The Key question with innovation training
Here is the key question.
Is it better to have 100% of the people to be more innovative by 1%.
Or is better to have 1% of the workforce to be 100% more innovative?
These are great questions.
Because if you believe that only a few people that work in say innovation, marketing or R&D have the potential to be innovative then spending a huge amount on innovation training might be a waste of time.
You might be better employing 1 to 1 creativity coaches or mentors for example for these select people.
However if you believe that everyone has a creative potential and their ideas are worth hearing then investing in innovation training might be a good initiative.
Here’s the other problem with innovation training.
How do you measure its effectiveness?
This is why whenever I conduct training I always run a pilot program first.
In this way I can better customise the content,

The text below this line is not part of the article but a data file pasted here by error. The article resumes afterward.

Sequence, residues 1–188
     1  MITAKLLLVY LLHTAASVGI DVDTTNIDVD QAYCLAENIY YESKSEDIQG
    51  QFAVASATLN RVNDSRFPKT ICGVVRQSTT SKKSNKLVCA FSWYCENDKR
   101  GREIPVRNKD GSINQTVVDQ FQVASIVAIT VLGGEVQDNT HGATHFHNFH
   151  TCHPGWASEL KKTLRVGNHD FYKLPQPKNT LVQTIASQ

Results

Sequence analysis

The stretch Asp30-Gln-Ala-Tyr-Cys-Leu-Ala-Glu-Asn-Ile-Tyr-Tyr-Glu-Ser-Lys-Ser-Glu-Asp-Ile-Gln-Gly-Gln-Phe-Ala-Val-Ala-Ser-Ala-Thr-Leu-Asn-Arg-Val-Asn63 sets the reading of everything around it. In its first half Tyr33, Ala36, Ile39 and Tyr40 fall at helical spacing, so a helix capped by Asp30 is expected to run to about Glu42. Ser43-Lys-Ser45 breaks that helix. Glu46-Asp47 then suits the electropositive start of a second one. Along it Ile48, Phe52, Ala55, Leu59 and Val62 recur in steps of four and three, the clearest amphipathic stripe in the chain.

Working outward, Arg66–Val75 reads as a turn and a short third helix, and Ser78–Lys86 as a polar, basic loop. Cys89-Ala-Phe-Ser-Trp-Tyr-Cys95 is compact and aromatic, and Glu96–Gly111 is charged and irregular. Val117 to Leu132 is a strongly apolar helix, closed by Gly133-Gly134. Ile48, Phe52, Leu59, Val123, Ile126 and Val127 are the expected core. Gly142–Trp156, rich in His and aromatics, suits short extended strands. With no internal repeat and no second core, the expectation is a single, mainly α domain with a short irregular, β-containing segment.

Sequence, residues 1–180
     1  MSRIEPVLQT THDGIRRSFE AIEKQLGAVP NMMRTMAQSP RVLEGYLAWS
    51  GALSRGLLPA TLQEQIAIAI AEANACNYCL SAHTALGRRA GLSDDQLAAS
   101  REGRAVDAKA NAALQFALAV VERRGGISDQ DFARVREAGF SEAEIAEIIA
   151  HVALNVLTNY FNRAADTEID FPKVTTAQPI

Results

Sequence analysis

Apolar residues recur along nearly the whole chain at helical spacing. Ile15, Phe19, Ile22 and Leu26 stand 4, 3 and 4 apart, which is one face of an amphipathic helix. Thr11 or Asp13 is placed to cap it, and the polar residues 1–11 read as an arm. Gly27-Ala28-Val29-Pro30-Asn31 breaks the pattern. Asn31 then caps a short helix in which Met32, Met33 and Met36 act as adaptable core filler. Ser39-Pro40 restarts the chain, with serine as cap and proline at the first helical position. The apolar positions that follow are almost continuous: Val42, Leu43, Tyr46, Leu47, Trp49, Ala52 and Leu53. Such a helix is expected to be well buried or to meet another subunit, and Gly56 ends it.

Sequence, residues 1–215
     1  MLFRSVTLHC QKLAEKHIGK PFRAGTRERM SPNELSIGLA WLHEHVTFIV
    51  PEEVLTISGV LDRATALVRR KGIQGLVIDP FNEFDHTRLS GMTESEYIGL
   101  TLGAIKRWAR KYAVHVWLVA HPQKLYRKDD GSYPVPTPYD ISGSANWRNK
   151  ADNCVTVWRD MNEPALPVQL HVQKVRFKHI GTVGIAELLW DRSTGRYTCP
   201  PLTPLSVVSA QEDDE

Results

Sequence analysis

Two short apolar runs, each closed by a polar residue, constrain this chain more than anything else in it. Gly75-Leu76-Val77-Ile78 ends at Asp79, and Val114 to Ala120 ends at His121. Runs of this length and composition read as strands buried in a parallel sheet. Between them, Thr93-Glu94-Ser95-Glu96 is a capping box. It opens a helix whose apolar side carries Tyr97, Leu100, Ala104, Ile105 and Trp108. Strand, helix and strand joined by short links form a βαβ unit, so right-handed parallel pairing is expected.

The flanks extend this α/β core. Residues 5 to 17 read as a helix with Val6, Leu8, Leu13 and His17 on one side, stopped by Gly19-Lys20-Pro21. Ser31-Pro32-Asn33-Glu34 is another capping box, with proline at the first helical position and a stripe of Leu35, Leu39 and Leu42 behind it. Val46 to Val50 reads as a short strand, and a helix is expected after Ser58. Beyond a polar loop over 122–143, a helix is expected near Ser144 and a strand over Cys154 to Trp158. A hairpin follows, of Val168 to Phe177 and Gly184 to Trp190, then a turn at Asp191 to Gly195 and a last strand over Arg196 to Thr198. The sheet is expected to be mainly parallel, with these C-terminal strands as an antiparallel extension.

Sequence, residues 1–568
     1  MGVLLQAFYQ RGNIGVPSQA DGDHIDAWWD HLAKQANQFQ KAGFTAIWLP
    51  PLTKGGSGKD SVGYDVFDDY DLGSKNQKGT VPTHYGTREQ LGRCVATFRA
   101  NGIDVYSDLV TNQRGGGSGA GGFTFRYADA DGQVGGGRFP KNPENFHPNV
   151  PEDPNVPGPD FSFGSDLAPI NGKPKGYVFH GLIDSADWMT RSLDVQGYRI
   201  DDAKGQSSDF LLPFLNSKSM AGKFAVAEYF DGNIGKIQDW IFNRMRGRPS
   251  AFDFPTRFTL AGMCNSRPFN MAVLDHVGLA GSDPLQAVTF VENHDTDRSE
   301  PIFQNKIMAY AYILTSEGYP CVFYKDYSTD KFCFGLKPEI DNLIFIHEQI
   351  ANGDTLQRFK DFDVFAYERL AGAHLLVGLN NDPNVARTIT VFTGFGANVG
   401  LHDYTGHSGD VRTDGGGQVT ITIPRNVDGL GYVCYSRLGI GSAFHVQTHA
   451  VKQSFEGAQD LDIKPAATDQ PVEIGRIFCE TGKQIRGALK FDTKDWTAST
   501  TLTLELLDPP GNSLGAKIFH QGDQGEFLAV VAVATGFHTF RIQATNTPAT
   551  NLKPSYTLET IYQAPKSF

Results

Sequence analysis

And I conduct a pre and post survey on the impact of the training.
This survey might measure attitudes to innovation, skill levels, tools used and confidence in innovation for example.
But here is the red flag with any innovation training.
I have conducted many training sessions with managers around the world and there is one moment of truth.
When people complete their training they (hopefully) are all dressed up and ready to go.
But then when they suggest their first big, new idea to a leader who quickly knocks it on the head a massive disconnect occurs.
Everyone’s frustration levels sky rocket.
The key message?
If you are going to conduct innovation training for all of the staff then also pay attention to the other cultural impact as expectations will have risen.
As a last insight — make the innovation training as real and grounded as possible.
In my experience, participants will respond more to real problems rather than made up ones.